- Homework: 30%
- Midterm: 30%
- Final: 40%
- Homework: 30%
- Midterm: 25%
- Project: 10%
- Final: 35%
We will encourage more student participation on Piazza rather than answering right away, that is, we will wait until other students step up and answer questions.
Of course, we will still provide clarifications on logistics, typos, subtle points, etc.
We want to make sure that you are helping each other out, and having instructors give away the answers isn't the most beneficial for your education either.
In order to make Piazza a better resource for everyone, we've outlined some guidelines for you to follow when posting your questions. Questions which follow these guidelines will have a higher chance of being answered!
1. Ask HW questions only in the designated HW posts.
We've created individual posts for each problem from homework. Please ask questions, discuss problems, or help out in those posts only. Before asking a question, read through (or search) the whole thread to see if your question has been answered.
2. Don't post answers in Piazza.
Please don't give away the answer on Piazza. You can explain things in a way that still lets other students figure out the essence of the problem on their own, but don't spoil the problem. For example, don't point to a useful YouTube link that works out essentially what the problem is asking about.
That is not cool.
Post such spoilers after the HW is due. That is totally fine. If you are not sure, post privately to instructors and then we'll let you know.
3. Try to make posts public.
While not violating Rule 2, try to make your questions public, because others might have the same question and we don't need to answer them multiple times.
4. Piazza is not Office Hours. 5 minute-test.
If you think your questions may take more than 5 minutes to answer, please come to office hours or homework parties instead.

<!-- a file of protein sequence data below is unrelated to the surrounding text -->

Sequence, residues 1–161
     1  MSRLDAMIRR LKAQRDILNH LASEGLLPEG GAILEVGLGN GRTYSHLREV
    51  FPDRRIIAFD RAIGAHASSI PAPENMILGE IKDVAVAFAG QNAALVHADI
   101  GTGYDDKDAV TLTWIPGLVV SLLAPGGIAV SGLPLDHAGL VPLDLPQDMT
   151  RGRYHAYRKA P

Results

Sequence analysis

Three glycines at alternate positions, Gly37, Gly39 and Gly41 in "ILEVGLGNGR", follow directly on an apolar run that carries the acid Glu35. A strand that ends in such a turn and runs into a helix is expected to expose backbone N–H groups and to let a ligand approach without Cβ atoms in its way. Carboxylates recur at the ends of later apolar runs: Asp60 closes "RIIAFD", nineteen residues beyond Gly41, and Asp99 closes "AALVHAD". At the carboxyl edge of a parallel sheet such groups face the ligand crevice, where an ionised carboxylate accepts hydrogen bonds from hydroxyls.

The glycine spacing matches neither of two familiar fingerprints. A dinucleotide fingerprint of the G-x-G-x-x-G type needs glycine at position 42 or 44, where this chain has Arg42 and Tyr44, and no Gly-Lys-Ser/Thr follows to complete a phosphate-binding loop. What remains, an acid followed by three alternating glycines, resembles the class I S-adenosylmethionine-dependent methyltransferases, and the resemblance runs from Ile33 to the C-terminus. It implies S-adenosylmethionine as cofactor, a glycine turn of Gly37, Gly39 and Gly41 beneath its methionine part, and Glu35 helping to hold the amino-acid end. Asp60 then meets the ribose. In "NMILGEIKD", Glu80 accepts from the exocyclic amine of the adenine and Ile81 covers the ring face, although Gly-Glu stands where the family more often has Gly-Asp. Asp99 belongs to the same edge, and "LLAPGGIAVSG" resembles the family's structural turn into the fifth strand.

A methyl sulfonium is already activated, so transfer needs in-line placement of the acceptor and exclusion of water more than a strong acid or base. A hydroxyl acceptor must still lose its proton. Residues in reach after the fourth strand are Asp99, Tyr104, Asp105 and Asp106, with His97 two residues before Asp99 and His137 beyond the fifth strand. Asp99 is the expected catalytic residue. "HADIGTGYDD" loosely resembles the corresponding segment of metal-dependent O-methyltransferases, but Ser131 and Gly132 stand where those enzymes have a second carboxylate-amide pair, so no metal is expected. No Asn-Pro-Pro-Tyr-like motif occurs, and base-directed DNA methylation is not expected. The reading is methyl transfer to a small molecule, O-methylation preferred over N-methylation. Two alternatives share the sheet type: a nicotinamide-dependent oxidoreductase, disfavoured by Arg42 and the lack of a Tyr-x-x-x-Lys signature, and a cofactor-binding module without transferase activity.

5. Neither Piazza nor TAs are for pre-grading.
Please do not post questions of the form:
- "Is this the correct solution to HW X problem Y?"
- "Would this receive full credit on HW X problem Y?"
- "Is this the right level of detail for hw X problem Y?"
Please do not use Piazza as a medium to ask instructors to check your homework in advance. We simply cannot check every student's homework through Piazza.
Feel free to ask questions of clarification, or ask questions about the course content to achieve a deeper understanding, but at a certain point, you must apply your knowledge, give it your best shot, and submit your answers with confidence.
6. Post a screen shot of any resource referenced.
Your question should be self-contained. The TAs (and other responders) should not have to scan through PDFs to even figure out what the question is. Ask yourself: am I referring to some lecture /HW solution/discussion solution/past exam?
If the answer is yes, post a screen shot of the relevant part. This can include your handwritten notes from the relevant lecture.
7. Post all your work.
Don't post one line saying:
At step n, I get XYZ, and I'm now confused.
This forces the TAs to guess:
What happened in steps 1, 2, ..., n - 1?
Most likely, the TAs will guess wrong, and we run into a mess of followup questions trying to figure out what steps 1, 2, ..., n - 1 were.
Starting out, we have: ....
Then, I do ..., and I get ...
Next, I do ..., and I get ...
Next, I do ..., and I get ...
Now, I get $&%&#(, and this makes no sense.
Then, the TA can respond:
The mistake is at step 3, you're not allowed to apply ABC to XYZ because ...